Congress can open financial institutions to legal cannabis industry with SAFE Banking Act
A year since Parkland: we have a solution
On the afternoon of Feb. 14, 2018, the Marjory Stoneman Douglas High School community experienced a veritable hell-on-earth scenario. Survivors watched friends and classmates perish in a storm of horrendous violence and confusion. A helpless nation watched, waiting for details, asking why, unable to offer more than thoughts and prayers to those affected by senseless violence.
Days after Parkland, a friend and retired career U.S. Secret Service agent called me with a simple message: "I know why these tragedies keep happening, and I know how we can stop them." Our conversation lasted for hours as he explained the scientifically-validated process of behavioral threat assessment, how the U.S. Secret Service created it to identify and mitigate posed threats against presidents, and how it has been adopted and utilized across the federal government with great success.
The political aftermath following the Parkland tragedy is all too familiar. Some entertain nothing but gun control, while others dig in their heels on the need for arming teachers or physical hardening. While strong emotions are justified after such a tragedy, political bravado and overheated rhetoric prevent any substantive discussions of how to put a stop to these tragedies. Drowned out by the loudest voices in the room, what ends up being left out of the conversation entirely is prevention.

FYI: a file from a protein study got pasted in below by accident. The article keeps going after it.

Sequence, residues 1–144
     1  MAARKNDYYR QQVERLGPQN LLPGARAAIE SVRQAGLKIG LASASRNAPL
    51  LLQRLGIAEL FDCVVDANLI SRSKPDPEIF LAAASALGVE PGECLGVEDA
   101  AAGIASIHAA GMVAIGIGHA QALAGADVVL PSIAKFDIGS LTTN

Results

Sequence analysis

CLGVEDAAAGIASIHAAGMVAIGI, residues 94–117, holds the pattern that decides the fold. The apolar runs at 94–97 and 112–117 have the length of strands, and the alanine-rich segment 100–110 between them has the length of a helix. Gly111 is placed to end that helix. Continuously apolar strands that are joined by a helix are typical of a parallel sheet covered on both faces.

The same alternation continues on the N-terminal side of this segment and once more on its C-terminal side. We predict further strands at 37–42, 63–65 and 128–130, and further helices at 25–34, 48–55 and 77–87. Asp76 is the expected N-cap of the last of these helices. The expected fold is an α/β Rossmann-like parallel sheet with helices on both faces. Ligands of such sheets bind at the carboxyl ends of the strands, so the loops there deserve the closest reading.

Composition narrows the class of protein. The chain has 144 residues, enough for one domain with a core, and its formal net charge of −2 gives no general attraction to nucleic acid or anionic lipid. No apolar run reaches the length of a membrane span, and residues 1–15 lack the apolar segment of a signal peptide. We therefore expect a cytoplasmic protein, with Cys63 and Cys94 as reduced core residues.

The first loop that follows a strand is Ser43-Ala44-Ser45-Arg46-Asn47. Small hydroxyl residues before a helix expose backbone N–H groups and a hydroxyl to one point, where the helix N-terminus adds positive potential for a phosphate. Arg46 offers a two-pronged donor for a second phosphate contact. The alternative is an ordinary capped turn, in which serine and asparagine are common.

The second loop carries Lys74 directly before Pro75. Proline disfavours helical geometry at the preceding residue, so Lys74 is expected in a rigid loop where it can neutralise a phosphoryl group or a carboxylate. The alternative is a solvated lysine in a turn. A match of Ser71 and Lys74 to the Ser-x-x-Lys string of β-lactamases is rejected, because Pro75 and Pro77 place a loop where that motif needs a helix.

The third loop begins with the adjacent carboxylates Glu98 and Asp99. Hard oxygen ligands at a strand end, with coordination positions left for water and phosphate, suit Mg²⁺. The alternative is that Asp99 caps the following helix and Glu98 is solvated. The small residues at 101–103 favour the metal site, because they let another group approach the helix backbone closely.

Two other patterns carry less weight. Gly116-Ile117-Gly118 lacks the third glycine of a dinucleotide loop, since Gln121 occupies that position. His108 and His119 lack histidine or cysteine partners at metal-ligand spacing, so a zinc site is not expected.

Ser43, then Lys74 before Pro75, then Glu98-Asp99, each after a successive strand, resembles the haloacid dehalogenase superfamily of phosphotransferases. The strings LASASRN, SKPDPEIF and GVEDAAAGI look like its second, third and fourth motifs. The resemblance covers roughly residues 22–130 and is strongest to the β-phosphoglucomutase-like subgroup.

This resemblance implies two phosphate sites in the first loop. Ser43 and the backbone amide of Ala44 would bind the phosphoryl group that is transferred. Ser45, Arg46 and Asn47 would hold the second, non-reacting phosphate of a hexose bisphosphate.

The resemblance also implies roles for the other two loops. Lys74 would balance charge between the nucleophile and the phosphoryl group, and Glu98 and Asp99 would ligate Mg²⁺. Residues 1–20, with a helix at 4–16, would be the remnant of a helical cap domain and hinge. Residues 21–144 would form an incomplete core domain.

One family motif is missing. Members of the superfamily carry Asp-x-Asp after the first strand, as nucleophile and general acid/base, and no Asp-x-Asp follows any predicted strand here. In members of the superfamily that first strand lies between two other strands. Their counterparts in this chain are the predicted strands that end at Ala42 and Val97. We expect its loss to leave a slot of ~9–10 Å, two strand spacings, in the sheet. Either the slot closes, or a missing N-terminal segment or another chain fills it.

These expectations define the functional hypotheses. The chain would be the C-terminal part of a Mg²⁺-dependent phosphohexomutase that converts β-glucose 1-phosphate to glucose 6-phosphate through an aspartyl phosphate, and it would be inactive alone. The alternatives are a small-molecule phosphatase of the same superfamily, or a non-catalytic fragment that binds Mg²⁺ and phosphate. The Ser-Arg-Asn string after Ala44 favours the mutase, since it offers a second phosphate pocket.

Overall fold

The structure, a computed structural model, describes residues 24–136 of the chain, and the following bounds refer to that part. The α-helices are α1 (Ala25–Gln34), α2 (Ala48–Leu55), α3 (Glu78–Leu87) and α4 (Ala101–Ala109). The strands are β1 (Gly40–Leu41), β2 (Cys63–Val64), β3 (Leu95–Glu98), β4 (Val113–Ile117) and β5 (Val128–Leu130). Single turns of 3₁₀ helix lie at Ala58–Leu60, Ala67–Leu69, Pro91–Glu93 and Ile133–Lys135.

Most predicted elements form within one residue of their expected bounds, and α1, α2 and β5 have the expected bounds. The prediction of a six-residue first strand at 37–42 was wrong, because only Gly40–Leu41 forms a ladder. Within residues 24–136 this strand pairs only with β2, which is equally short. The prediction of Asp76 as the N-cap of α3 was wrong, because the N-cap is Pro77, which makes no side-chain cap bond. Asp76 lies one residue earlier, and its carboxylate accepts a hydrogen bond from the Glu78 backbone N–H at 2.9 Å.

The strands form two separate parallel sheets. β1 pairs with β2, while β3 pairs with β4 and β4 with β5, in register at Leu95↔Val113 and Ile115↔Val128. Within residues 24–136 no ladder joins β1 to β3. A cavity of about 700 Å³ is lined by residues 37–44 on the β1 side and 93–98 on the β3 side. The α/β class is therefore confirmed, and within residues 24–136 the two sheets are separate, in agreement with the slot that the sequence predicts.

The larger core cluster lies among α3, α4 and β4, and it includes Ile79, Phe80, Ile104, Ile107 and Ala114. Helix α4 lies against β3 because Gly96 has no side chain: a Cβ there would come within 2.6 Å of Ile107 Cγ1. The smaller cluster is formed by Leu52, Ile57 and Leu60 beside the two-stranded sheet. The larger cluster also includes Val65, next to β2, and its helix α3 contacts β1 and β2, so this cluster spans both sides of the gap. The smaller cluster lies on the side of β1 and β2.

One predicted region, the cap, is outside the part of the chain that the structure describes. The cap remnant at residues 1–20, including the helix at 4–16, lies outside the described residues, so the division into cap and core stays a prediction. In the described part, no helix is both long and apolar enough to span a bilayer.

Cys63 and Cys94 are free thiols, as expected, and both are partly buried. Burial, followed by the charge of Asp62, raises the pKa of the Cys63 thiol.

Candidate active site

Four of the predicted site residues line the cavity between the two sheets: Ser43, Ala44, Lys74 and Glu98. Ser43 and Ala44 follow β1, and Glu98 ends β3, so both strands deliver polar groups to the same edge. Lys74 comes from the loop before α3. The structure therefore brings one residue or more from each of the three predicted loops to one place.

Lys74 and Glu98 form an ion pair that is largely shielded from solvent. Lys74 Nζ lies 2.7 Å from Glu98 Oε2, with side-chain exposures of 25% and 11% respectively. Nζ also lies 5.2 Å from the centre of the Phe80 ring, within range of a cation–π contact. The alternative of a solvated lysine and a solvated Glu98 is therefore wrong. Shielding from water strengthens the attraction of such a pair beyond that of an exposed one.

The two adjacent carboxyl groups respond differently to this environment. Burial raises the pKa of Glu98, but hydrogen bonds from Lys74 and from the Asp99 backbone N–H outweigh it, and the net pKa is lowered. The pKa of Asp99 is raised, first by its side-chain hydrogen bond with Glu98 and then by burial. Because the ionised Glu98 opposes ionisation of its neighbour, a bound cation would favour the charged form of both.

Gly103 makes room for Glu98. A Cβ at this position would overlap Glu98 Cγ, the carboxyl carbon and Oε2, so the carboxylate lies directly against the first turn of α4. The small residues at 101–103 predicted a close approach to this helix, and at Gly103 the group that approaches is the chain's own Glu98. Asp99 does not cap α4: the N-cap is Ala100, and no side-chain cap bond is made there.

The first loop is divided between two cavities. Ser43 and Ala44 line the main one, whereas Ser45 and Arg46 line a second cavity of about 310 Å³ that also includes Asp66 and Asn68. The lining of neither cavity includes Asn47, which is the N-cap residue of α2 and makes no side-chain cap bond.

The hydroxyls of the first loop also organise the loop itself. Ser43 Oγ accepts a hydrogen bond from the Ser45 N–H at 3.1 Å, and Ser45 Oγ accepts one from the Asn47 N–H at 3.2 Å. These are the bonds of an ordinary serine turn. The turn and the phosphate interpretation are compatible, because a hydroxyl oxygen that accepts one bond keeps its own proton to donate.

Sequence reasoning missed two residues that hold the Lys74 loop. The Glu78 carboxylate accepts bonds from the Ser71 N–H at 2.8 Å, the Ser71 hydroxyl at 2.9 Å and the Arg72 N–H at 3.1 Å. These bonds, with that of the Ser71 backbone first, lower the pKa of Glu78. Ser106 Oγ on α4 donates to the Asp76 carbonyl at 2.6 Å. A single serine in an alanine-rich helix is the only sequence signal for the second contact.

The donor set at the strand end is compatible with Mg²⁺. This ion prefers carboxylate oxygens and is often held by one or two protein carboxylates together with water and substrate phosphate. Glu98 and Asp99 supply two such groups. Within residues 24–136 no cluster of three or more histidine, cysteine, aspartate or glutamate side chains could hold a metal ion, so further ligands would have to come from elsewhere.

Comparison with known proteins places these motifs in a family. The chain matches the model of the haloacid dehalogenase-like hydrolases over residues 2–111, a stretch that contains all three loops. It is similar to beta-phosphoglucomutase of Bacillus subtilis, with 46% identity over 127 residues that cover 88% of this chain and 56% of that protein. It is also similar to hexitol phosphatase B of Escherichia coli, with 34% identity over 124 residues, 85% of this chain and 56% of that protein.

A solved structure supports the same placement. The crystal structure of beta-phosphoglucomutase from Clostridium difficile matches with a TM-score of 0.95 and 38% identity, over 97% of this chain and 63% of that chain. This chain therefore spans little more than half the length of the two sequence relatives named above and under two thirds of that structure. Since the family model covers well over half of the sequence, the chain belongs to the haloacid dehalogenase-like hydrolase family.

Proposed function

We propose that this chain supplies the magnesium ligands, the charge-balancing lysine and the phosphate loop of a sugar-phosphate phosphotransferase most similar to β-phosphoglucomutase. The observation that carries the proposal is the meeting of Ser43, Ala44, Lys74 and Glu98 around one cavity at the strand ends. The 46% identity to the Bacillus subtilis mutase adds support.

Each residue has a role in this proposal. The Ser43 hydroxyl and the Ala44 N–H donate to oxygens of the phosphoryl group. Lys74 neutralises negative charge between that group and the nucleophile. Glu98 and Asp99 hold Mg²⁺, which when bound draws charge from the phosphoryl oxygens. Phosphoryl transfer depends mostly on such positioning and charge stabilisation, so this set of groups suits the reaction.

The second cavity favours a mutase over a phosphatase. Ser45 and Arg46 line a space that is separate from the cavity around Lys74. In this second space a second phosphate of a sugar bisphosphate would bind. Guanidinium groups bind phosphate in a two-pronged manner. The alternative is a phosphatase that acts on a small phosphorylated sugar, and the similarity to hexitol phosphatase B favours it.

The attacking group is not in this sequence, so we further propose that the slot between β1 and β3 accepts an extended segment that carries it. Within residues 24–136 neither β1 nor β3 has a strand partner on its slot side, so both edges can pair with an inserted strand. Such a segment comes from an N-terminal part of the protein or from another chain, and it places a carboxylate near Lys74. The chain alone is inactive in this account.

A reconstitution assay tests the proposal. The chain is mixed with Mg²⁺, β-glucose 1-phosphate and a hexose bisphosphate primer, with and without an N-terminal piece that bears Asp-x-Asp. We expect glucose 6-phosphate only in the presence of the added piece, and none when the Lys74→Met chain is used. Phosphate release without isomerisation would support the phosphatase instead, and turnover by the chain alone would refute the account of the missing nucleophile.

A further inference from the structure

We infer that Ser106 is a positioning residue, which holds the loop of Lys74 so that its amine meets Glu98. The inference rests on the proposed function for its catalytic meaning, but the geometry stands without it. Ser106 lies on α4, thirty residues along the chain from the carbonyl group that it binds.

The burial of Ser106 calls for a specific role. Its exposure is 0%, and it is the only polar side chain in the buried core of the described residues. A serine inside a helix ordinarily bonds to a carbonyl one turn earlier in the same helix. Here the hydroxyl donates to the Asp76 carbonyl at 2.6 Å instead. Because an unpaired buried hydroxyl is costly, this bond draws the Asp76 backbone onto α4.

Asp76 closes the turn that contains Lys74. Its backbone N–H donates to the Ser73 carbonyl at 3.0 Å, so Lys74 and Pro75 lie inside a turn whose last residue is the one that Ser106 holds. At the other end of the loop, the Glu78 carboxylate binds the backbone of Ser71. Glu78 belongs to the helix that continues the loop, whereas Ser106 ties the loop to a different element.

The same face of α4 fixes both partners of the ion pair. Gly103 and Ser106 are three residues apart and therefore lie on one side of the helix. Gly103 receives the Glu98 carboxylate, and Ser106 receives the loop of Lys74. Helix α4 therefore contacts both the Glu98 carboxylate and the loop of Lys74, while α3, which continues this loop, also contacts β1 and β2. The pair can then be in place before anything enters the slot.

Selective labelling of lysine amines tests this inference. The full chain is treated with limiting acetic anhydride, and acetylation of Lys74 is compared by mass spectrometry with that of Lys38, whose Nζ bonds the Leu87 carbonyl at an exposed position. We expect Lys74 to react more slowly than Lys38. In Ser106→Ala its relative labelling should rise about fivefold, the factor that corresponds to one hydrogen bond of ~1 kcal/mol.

Columbine. The Pulse Nightclub. Sutherland Springs Church. The Boston Marathon. Washington Navy Yard. The attack on Rep. Gabby Giffords. Sandy Hook. The Aurora movie theater. Virginia Tech. West Nickel Mines Amish School. The Charleston church massacre. Santa Fe High School. All of these horrifying events, and many others, have the same thing in common: either the attacker displayed, or someone close to the attacker warned of, behavior or indicators of an impending tragedy. Research shows that in the overwhelming majority of these situations, the attacker displayed clear signs or indications that they were on a pathway to violence. In effect, the attackers self-identified in some way or another that they intended to harm people. With training and support in behavioral threat assessment and management and a focus on prevention, we can connect the dots BEFORE an attack can occur.
This is not a new concept. In his 1999 address to the nation following the Columbine Massacre, President Bill Clinton said, "We have to do more to recognize the early warning signs that are sent before children act violently." This April, will mark 20 years since President Clinton's statement and unfortunately, there is still not enough being done on the state and local level.
Now is the time to change that.
Last month, with Rep. Val Demings (D-Fla.) and Sens. Marco Rubio (R-Fla.), Kyrsten Sinema (D-Ariz.), and Thom Tillis (R-N.C.) by my side, I introduced the Threat Assessment, Prevention, and Safety (TAPS) Act of 2019. This bipartisan bill will equip our communities with the training, support, and resources needed to identify and interrupt those on a pathway to violence before they can carry out the tragedies of the future.
While physical hardening and gun control issues will remain in the public debate, reactive measures are inherently insufficient. We must be proactive. Simply stated, when the first shot is fired it is too late, we have failed.
Babin represents the 36th District of Texas.